An interview with the Chair, Daniel Lagana
The dialogue that follows is a faithful representations of the responses but not verbatim.
VoxFairfax: Aside from/in addition to electing candidates and turning out voters, what are your organization’s current top challenges in Fairfax?
Dan Lagana: We are a very large, complex organization, with over 1,400 members. Our size and complexity present various management challenges. This amplifies differences in members’ needs in different parts of the county. Also, as the county becomes more Democratic, there are more contests among Democrats; this is a growing arena for such intraparty contests.
VF: Although not a statute, the Dillon rule requires the legislature to act upon a wide range of county issues. Can you name a few that the legislature should permanently grant to counties?
DL: The Dillon rule is easy to criticize, especially if you’re a county supervisor. It’s easy to hide behind it. It’s easy to blame the state legislature, for instance, if there are things that the county may be able to take care of, but not want to.
VF: Might local governments benefit from carve-outs to the Dillon rule, similar to the 9th and 10th amendments to the federal constitution, that is, reservation of powers to localities? [Editors’ note: The Dillon rule, adopted by the Virginia Supreme Court in 1896, is a legal principle holding that local governments have limited authority, and can pass ordinances only in areas where the General Assembly has granted clear authority.]
DL: Yes. If you get some kind of revenue-generating ability that the state cedes to you, that would certainly be a big benefit. Arlington, for example, has more independence than most counties do in the state. If we could generate revenue locally, we wouldn’t have to push for something like the meals tax. In terms of disagreements with the Board of Supervisors, I certainly don’t agree with its pension plan proposals, especially for new staff. There’s no economic need. We can’t pull from VRS [Virginia Retirement System] like the state does. There is no crisis; we have 2.8% unemployment. This is an issue that comes up because of the Dillon rule. It’s morally wrong to tell new hires we need certain skills and then pay them less. I realize that the Board of Supervisors doesn’t have the flexibility of the state government regarding pensions, but it doesn’t excuse them from providing a quality retirement package.
VF: Does your organization have any current recommendations for enhancing school safety?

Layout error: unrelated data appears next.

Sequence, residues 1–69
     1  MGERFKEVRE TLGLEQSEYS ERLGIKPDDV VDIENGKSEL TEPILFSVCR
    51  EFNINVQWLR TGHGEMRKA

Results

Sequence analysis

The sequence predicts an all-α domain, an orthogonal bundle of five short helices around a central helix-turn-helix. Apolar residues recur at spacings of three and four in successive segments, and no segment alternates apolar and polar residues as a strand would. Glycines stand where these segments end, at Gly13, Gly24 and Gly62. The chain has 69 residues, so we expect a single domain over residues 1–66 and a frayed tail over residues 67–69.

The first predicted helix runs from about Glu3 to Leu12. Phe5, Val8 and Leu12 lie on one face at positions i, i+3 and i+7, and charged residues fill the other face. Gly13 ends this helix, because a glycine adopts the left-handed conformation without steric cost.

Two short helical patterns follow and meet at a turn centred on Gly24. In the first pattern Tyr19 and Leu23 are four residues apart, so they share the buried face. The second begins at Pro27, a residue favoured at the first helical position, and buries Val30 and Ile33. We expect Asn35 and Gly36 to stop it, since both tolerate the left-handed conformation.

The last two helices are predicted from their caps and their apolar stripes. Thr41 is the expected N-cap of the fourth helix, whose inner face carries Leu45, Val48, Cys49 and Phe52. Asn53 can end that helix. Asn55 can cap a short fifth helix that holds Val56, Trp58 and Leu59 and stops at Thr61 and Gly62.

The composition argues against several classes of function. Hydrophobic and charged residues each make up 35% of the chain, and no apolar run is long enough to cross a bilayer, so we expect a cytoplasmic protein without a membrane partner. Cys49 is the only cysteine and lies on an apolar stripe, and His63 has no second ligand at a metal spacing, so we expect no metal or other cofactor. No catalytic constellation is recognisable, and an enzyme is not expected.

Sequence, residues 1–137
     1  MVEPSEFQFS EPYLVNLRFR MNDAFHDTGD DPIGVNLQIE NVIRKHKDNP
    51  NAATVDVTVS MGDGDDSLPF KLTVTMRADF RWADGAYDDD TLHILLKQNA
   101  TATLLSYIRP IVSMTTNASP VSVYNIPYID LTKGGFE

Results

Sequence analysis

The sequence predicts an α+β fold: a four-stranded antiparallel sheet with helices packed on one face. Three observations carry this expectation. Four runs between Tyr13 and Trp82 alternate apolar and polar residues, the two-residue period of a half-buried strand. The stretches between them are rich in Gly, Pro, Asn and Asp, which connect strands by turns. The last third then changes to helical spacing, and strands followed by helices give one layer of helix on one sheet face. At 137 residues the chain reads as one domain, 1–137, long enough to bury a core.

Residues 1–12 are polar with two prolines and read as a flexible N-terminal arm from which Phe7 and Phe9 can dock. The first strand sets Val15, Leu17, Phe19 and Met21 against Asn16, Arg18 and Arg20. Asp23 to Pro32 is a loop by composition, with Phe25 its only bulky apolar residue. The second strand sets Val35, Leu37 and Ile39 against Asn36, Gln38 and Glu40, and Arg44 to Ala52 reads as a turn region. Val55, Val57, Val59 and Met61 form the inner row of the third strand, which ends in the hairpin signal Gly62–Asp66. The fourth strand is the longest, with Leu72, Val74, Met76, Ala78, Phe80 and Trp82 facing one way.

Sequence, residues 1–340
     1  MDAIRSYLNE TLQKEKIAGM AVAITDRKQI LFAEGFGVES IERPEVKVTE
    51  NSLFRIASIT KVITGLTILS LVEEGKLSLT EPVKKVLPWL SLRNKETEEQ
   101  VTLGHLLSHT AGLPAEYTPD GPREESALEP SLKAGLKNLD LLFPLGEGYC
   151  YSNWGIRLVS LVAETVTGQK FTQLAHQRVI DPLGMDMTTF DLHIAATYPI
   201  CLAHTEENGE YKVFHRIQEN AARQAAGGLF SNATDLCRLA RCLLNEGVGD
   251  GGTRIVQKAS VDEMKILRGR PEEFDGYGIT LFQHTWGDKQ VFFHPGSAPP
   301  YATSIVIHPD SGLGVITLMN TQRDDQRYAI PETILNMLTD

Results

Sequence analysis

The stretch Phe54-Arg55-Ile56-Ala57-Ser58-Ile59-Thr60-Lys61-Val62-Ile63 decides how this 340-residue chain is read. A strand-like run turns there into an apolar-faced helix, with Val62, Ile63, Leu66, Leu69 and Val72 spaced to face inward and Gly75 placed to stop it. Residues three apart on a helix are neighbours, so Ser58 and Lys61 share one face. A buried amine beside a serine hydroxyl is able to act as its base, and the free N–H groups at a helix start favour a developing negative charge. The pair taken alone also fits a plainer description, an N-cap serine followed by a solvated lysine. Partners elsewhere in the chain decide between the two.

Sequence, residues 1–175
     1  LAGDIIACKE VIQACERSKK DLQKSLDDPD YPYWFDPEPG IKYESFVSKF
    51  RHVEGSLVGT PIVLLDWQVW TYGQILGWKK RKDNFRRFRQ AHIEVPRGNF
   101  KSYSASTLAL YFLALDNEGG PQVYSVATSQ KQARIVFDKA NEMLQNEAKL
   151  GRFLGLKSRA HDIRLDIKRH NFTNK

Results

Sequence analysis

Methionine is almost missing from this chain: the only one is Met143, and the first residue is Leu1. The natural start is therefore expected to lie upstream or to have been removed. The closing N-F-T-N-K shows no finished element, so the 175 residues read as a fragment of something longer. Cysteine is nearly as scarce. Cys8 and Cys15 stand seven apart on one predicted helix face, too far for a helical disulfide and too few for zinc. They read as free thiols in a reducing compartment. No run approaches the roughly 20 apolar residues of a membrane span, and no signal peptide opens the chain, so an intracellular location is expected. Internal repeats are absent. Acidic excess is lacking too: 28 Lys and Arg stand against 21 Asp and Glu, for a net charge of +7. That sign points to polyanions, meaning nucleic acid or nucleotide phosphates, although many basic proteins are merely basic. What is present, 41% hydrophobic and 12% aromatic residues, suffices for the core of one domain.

DL: FCDC has taken many positions on the issue of gun violence. As for specific recommendations for school safety, no. We passed a resolution in March against carrying loaded weapons in cars.
VF: Should 16-year-olds be franchised to vote in school board elections? Why/why not? What about in state/local elections?
DL: No. I haven’t given this a lot of thought, but I don’t like certain rules applying to certain elections. It’s easier to have consistent rules apply. Whether school board, state, or local, it should be the same criterion. But I don’t think there’s been enough debate yet.
VF: Should felons be allowed to vote?
DL: Yes, once they’ve paid their debt to society. When you go to a penitentiary you’re doing an act of penitence. [VF: What about felons still in prison?] I don’t agree with that. When you’re in prison you lose some of your rights as a citizen; you’re being punished. It’s a moral question. That’s why when you’re released you should have all of your rights restored. There’s a moral component—a secular morality—to being a citizen. Citizenship comes with responsibility. I’ve yet to see a coherent argument from conservatives as to what ex-felons should do after being released to regain their right to vote. It has racial overtones as well.
VF: Would you support the at-large election of congressional representatives to combat the gerrymandering problem, which has cost taxpayers $6 million?
DL: I’d be inclined to support it; it’s an interesting solution. But I don’t know.
VF: How may a county political party contribute to toning down the hyper-political dialogue and name-calling? Democrats use epithets such as progressive and conservative, while Republicans criticize RINOs and cuckservatives.
DL: The chair sets the tone on the committee. I try to stress respect and dignity. There’s no benefit to isolating and defaming. I sent out an email advising against attending the DC [white nationalist] rally last weekend, and got a lot of criticism for it. I was concerned for people’s safety. I also don’t like some of the hysterical, insulting fundraising letters; they’re lampooning what is a serious, critical moment in our country’s history. And it contributes to the rhetoric problem.
VF: Can you foresee some common matters that the two organizations might agree upon, for example, a joint statement on campaign conduct, a kind of ethical creed?
DL: Yes, I could. In the areas of gifts, financial reporting, campaign contributions. We can try to be civil, but our mission, after all, is to elect Democrats. It comes down to how the candidates comport themselves. I don’t like name-calling. It’s hard, but perhaps the two chairs could come out in favor of more civil conduct. It can’t be done unilaterally.
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